The Regent's Canal is a canal across an area just to the north of central London, England. It provides a link from the Paddington arm of the Grand Union Canal, just north-west of Paddington Basin, in the west, to the Limehouse Basin and the River Thames in east London.
First proposed by Thomas Homer in 1802 as a link from the Paddington arm of the then Grand Junction Canal (opened in 1801) with the River Thames at Limehouse, it was built during the early 19th century after an Act of Parliament was passed in 1812. Noted architect and town planner John Nash was a director of the company; in 1811 he had produced a masterplan for the Prince Regent to redevelop a large area of central north London – as a result, the Regent’s Canal was included in the scheme, running for part of its distance along the northern edge of Regent's Park.
As with many Nash projects, the detailed design was passed to one of his assistants, in this case James Morgan – appointed chief engineer of the canal company. Work began on 14 October 1812. The first section, Paddington to Camden Town, opened in 1816 and included a long tunnel under Maida Hill east of an area now known as 'Little Venice' (a name devised by Robert Browning) and a much shorter tunnel, just long, under Lisson Grove. The Camden to Limehouse section, including the long Islington tunnel and the Regent's Canal Dock (used to transfer cargo from sea-faring vessels to canal barges – today known as Limehouse Basin), opened four years later on 1 August 1820. Various intermediate basins were also constructed (eg: Cumberland Basin to the east Regent's Park, Battlebridge Basin (close to King's Cross, London) and City Road Basin). Many other basins such as Wenlock Basin, Kingsland Basin, St. Pancras Stone and Coal Basin, and the basin in front of the Great Northern Railway's Granary were also built, and some of these survive.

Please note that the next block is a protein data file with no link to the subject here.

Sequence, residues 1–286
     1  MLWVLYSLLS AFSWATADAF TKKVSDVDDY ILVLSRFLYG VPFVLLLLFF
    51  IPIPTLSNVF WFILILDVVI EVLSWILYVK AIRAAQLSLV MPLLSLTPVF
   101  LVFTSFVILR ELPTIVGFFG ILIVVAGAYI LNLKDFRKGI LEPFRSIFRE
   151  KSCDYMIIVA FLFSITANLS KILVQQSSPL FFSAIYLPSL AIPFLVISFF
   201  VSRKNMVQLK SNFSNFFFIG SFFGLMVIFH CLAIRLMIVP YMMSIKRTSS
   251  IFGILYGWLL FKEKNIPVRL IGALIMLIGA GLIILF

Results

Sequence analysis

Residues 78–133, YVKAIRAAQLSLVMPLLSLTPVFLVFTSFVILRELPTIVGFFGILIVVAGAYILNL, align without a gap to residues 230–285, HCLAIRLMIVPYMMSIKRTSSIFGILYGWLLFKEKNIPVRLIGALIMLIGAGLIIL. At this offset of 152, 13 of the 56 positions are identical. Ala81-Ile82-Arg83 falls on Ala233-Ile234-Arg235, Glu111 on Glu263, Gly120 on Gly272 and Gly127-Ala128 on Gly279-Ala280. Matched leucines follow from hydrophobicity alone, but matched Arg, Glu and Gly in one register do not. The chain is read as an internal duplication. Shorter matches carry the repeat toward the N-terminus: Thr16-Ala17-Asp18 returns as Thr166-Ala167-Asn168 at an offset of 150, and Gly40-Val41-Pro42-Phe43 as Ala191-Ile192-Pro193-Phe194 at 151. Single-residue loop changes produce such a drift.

The City Road Basin, the nearest to the City of London, soon eclipsed the Paddington Basin in the amount of goods carried, principally coal and building materials. These were goods that were being shipped locally, in contrast to the canal's original purpose of transshipping imports to the Midlands. The opening of the London and Birmingham Railway in 1838 actually increased the tonnage of coal carried by the canal. However, by 1929, with the Midlands trade lost to the railways, and more deliveries made by road, the canal fell into a long decline.
In 1927, the Regent's Canal Company bought the Grand Junction Canal and the Warwick Canals, the merged entity coming into force on 1 January 1929 as the Grand Union Canal Company. In August 1938 the Cumberland Basin was dammed off and drained and in the next two years it was formally abandoned. The Regent's Canal was nationalised in 1948. By this time, the canal's importance for commercial traffic was dwindling, and by the 1960s commercial vessels had almost ceased to operate, the lorry taking over the traffic not already lost to the railway in the 19th century.
Due to the increase in cycle commuting since the 2005 London Bombings and increasing environmental awareness, the canal's towpath has become a busy cycle route for commuters.
The Regent's Canal forms a junction with the old Grand Junction Canal at Little Venice, a short distance north of Paddington Basin. After passing through the Maida Hill and Lisson Grove tunnels, the canal curves round the northern edge of Regent's Park and bisects London Zoo. It continues through Camden Town and King's Cross Central, also known as the Railway Lands It performs a sharp bend at Camley Street Natural Park, following Goods Way where it flows behind both St Pancras railway station and King's Cross railway station. The canal opens out into Battlebridge Basin, originally known as Horsfall Basin, home of the London Canal Museum, and where on the northwest corner the new Kings Place development is currently taking shape. Continuing eastwards beyond the Islington tunnel and passing many notable landmarks including The Rosemary Branch theatre, it then forms the southern end of Broadway Market and then meets the Hertford Union Canal by Victoria Park, after which it turns south towards the Limehouse Basin, where today it also meets the Limehouse Cut. At this point the canal ends as it joins the River Thames.